The Analects or ”Confucian Analects”, also known as the Analects of Confucius, is a collection of sayings and ideas attributed to the Chinese philosopher Confucius.
The Analects has been one of the most widely read and studied books in China for the last 2,000 years, and continues to have a substantial influence on Chinese and East Asian thought and values today.
«In China the line between the religious and non-religious is not clearly drawn. The demarcation between on faith and others that is so important in other cultures tends to be blurred and frequently ignored in a Chinese cultural context»
[Yao Xinzhong – Zhao Yanxia, Chinese Religion. A Contextual Approach, Continuum, London-New York 2010, 1-2]
Confucius (551 B.C. – 479 B.C.) was a Chinese philosopher, whose teachings deeply influenced East Asian life and thought. ”Confucius” is a latinization of the Chinese 孔夫子 (Kong Fu Zi), literally ”Master Kong”, but he is usually referred to in China with a simpler version of this honorific as 孔子 (Kongzi, or Kǒng Zǐ).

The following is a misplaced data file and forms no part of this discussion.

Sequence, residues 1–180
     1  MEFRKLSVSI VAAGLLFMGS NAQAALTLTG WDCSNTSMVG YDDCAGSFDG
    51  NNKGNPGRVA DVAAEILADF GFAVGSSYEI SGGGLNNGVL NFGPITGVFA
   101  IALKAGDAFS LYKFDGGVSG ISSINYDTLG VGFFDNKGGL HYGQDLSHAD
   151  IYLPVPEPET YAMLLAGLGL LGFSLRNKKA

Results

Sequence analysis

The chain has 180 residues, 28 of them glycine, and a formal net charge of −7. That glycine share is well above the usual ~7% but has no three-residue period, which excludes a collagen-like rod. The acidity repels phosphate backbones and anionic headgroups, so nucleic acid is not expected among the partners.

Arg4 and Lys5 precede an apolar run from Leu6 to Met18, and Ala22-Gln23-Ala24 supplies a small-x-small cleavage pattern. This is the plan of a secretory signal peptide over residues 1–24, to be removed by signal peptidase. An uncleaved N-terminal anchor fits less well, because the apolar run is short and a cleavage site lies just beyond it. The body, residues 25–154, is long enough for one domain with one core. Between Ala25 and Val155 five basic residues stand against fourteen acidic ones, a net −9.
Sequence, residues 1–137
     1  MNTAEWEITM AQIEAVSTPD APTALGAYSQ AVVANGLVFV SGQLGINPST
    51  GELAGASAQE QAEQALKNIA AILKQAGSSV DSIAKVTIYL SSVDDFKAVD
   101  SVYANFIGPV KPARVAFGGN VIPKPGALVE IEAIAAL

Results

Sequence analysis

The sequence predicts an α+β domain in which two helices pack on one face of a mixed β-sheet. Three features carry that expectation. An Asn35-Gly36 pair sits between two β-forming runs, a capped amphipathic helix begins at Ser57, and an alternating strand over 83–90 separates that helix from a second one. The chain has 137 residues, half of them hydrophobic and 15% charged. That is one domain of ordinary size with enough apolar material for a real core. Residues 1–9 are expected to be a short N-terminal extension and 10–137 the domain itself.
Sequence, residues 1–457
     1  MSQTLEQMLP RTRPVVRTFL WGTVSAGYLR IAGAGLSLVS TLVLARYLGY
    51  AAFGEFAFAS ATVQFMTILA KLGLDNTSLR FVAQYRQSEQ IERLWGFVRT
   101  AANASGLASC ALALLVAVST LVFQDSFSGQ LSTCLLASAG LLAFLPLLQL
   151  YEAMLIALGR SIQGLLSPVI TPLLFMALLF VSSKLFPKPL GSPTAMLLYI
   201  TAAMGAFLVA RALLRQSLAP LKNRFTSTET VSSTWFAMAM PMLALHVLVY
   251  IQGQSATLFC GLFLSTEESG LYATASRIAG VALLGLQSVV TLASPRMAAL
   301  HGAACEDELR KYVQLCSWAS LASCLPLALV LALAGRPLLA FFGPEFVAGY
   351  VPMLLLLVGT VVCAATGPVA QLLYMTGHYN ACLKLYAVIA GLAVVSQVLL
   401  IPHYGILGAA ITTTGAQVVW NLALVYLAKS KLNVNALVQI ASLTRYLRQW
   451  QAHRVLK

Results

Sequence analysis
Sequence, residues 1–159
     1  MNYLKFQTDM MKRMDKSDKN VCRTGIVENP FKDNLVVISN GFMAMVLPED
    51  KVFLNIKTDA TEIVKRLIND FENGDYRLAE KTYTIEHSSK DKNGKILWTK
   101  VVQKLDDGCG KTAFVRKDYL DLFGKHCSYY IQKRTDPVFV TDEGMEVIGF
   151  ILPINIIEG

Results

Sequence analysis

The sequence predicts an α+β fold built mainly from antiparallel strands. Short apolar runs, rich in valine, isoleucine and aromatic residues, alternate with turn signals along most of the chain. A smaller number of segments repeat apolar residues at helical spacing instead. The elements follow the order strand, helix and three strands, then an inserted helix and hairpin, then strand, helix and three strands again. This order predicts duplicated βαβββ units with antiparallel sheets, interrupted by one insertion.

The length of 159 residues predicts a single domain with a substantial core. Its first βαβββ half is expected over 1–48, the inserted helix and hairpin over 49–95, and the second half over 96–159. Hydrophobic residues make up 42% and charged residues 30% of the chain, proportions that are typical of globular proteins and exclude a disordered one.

Translation by James Legge
James Legge (/lɛɡ/; Chinese: 理雅各; 20 December 1815 – 29 November 1897) was a noted Scottish sinologist, a Scottish Congregationalist, representative of the London Missionary Society in Malacca and Hong Kong (1840–1873), and first Professor of Chinese at Oxford University (1876–1897).
English Edition and Chinese Text.